We haven’t seen a V-Rally game since 2002 with the third instalment hitting the Playstation 2. Fast forward 16 years and we are lucky enough to be graced with V-Rally 4. Will it be a return to the top? Or has that time out really affected the gaming franchise that Kylotonn wants to bring back to life? Lets find out!
As you can expect from a racing game, the game is all about racing (obvs), but how does it feel? Well lets start off by saying that it feels decent. Its not up to the same standards as other racing games like DiRT and the F1 series, but it holds its own as an arcade feel racer. The cars are twitchy and responsive when you get the hang of them. Don’t expect to be able to throw the cars around corners without a fight though.
Within V-Rally 4 there are a number of disciplines that you can get your hands on, including Rally, V-Rallycross, Hill Climb, Buggy and finally Extreme-Khana. Each discipline has their own selection of vehicles to chose from, from classic Fords, all the way up to souped up rally machines. V-Rally 4 brings a great variety for you to choose from.
So the majority of your time will be spent in the V-Rally mode of V-Rally 4, this effectively is a career mode that guides you through creating your own rally empire. Starting the mode you are greeted with a world map showing you colour coded icons representing the available races to you. These get progressively more the further you get into the career. Covering all types of surfacing from tarmac to snow there is enough of a challenge within these events to keep you coming back to V-Rally 4 time and time again. When you first start your career the events are free to enter, however pretty quickly you start having to pay for your entry, so you have to take each event seriously and fire up those concentration sections of your brain, because one false more or one miscommunication of the race information could cause you to lose valuable seconds.
On this screen you can also handle your recruitment of team members, including engineers, research teams and your own personal agent. Each possible recruit comes with their own specialist talent. This varies from getting better events with greater rewards, through to specific expertise on a particular car park. So chose your team wisely.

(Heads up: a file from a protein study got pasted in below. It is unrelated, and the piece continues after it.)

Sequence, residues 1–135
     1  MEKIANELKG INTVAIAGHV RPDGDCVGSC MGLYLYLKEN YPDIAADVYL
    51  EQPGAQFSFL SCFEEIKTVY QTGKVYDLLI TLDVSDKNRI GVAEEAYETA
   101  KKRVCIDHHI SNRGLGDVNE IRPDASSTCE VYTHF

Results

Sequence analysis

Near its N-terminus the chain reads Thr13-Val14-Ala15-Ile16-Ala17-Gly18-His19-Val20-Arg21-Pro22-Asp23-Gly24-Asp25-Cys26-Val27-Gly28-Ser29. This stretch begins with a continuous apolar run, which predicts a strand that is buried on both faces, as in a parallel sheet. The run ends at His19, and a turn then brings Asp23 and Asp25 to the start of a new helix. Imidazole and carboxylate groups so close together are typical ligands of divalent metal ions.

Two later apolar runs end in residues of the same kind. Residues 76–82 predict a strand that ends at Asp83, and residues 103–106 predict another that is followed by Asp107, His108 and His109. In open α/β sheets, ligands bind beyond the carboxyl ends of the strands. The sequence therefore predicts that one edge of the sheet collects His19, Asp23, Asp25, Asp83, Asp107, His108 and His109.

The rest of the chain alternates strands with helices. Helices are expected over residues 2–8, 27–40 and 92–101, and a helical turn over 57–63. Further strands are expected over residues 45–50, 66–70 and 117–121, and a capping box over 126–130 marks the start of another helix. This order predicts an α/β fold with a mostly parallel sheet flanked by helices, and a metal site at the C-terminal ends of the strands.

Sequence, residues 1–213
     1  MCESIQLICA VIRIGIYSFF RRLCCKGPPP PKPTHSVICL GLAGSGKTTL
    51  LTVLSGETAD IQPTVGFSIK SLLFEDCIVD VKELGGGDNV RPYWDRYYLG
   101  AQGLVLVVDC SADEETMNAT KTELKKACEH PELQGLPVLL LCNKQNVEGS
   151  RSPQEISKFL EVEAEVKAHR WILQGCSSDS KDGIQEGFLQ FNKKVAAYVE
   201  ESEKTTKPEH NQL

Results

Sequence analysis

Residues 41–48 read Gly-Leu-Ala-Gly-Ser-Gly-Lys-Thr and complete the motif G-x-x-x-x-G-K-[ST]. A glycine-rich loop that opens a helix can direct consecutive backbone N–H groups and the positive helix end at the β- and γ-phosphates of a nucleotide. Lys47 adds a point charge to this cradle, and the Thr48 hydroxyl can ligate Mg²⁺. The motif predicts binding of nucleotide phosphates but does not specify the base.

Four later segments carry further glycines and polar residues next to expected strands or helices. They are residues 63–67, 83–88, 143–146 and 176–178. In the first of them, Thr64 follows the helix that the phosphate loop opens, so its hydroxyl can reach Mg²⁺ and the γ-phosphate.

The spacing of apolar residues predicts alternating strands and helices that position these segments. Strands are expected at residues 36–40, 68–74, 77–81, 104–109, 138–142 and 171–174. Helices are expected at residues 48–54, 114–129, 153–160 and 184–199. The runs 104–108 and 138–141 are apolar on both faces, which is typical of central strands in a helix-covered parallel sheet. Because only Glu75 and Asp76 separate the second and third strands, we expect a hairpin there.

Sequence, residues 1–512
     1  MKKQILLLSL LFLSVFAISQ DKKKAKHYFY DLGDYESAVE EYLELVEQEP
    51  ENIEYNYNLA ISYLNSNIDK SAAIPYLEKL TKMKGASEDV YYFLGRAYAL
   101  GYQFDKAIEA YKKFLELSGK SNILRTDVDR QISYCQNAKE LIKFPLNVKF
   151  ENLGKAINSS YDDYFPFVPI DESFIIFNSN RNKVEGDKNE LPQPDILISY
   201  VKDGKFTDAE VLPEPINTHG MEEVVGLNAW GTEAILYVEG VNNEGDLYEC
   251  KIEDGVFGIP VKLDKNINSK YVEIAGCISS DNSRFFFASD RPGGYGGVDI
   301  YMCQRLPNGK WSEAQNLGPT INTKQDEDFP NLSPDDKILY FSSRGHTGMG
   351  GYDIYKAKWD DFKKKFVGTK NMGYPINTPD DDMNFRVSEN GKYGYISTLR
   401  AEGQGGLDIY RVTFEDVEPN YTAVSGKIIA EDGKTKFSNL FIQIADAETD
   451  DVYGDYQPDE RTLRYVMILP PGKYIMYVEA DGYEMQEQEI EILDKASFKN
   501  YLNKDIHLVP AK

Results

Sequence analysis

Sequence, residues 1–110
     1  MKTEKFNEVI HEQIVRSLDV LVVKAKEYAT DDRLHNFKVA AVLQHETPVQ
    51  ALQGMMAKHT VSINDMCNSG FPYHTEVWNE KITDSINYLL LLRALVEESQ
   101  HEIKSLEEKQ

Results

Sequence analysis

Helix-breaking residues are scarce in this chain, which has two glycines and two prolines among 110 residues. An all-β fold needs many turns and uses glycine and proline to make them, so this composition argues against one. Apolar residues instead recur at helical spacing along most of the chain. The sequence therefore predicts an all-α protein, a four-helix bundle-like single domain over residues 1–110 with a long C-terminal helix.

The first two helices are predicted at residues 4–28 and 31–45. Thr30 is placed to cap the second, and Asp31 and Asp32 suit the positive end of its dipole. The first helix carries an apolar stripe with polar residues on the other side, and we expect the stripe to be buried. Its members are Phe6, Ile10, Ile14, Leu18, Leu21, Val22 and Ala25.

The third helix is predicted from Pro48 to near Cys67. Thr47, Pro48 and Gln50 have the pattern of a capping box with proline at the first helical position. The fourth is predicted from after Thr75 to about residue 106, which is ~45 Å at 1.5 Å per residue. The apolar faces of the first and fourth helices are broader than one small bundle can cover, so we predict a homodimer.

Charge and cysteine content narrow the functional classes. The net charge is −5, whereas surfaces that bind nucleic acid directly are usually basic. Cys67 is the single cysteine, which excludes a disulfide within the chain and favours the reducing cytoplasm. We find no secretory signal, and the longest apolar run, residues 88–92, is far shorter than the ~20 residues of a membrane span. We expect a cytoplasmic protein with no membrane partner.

Then we move onto the dealers, this is where each of the games disciplines have their car collection represented. Feel like buying a new car, then head here, chose your discipline and see whats on offer. You can even take them for a test drive allowing you to actually sample how the car handles before investing your hard earned money into purchasing.
So head into your home by clicking on the house icon, you are greeted with a series of other options, the infoboard, where all your messages are and any potential sponsorships are, the crew management where you can check on your current team, garage where all your cars are stored, and where you can upgrade these and even customise to a degree. Finally you have the online rankings, so if you venture online and post a time then the records are kept here for you to check out quickly and without delay.
So far playing the game my favourite events are the Hill Climb. You are put in control of a powerful vehicle that has grip in abundance and flying through the courses whipping the rear end around the tight bends is a joy when you get it right! Get it wrong though, and you could be tumbling back down the hill pretty quickly.
You are also able to select a quick game, which allows you to pick whatever you want, and on what course you want. Then you have the multiplayer section which will allow you to either do split screen, or go online and take on people from all over the world.
The graphics are a mixed bag. On one hand V-Rally 4 represents the car models and environments brilliantly. With accurate details on the vehicles and particle effects in abundance when you are driving through different surfaces.
Then it gets let down by the damage model. Unlike other rally games, V-Rally 4 seems to adopt a more conservative option, and even after sending my car rolling down the track its still in one piece. The bodywork may be slightly deformed, but in general there is no visible signs of damaged bodywork, but a large dent.
The sound effects are perfectly acceptable, there is however nothing stand out about the sound on V-Rally 4. The cars sound good, the race commentary from your co-driver is spot on and there are even some crowd sounds now and again as you go through busier parts of the tracks.
This all depends how much you enjoy racing games I guess. You could quite easily sink plenty of hours into playing V-Rally 4 and not even notice it. Taking on some of the longer tournament style races can see almost an hour disappear.
Overall V-Rally 4 is a decent return to the franchise, and maybe with another couple of iterations we could get something special. For the time being V-Rally 4 just leaves something short and doesnt quite hit the ground running.
V-Rally 4 receives the Thumb Culture Silver Award.
Disclaimer: We received a digital code to complete our review